Get 10% off the purchase price with every order of 12 bottles or more of still wine not already on sale. The savings add up!
Candela Prol, highly experienced certified wine educator and friend of the shop, is available for tastings and training for private and corporate events. For rates and other inquiries, please contact her at firstname.lastname@example.org .
*Offsite events are contracted to and coordinated by a 3rd party, and are in no way affiliated with Chambers Street Wines.
After we opened in 2001 one of the first “cellars” that we were offered was in a house on Long Island. I was hooked when I learned that they had some 1985 DRC, so I rushed out there to discover that the “cellar” (which was actually temperature-controlled) was effectively a crawl space that required removing every bottle one-by-one to get at the contents, all from a prone position. The space, and the bottles were… not clean, and the labels were in tough shape, but the wines looked fine. I remember tasting a couple of very good old Bordeaux for due diligence, but the unforgettable surprise was Badia di Coltibuono 1964 and 1968 Chianti. I had zero expectation that they would be alive, but instead they were vibrant and fresh, and full of character. Subsequent tastings of old Sangiovese have born this out – surprise at their ability to age (which often reminds me of old Bordeaux and Rioja in terms of achieving elegance and finesse), and a lot of drinking pleasure.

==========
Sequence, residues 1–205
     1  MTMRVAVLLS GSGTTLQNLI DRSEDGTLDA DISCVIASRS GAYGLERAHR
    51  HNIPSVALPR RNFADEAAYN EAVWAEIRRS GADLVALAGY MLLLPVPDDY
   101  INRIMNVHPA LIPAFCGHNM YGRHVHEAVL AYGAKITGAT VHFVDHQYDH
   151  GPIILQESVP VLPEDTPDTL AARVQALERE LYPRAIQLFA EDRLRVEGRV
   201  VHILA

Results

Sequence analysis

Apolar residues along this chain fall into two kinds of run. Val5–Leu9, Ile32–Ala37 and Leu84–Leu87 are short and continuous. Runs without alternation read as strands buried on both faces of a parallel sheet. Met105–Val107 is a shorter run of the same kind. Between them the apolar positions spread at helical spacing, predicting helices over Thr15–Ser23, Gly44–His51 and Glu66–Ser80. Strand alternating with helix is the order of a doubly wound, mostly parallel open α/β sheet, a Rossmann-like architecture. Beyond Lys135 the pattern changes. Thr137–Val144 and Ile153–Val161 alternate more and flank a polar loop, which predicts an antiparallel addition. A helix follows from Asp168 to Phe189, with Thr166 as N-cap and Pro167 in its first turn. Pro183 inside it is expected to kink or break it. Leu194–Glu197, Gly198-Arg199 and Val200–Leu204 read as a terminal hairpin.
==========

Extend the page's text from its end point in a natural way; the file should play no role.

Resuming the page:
These come from a very distinguished Italian collector. They have been perfectly stored, but, as in that cellar on Long Island, some of the labels have suffered. Fortunately, that’s not what you drink, and we guarantee the condition of each bottle, as always. Jamie Wolff
The D.O.C for Rosso di Montalcino was established in 1984, but so far as I can determine this bottle is the same wine - all Sangiovese, aged in wood (very large wood, for Biondi-Santi) for at least one year. In effect, a "baby Brunello". Jamie Wolff